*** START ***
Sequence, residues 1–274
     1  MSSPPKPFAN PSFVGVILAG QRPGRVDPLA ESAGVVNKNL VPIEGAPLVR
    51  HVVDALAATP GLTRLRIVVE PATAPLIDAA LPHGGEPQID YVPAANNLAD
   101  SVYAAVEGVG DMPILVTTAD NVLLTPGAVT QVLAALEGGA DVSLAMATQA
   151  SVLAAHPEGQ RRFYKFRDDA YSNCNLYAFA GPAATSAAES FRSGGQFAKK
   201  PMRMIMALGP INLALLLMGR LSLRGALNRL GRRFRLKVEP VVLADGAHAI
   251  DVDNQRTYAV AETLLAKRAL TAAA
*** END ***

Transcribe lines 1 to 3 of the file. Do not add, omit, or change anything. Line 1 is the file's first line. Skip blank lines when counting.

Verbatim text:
Sequence, residues 1–274
     1  MSSPPKPFAN PSFVGVILAG QRPGRVDPLA ESAGVVNKNL VPIEGAPLVR
    51  HVVDALAATP GLTRLRIVVE PATAPLIDAA LPHGGEPQID YVPAANNLAD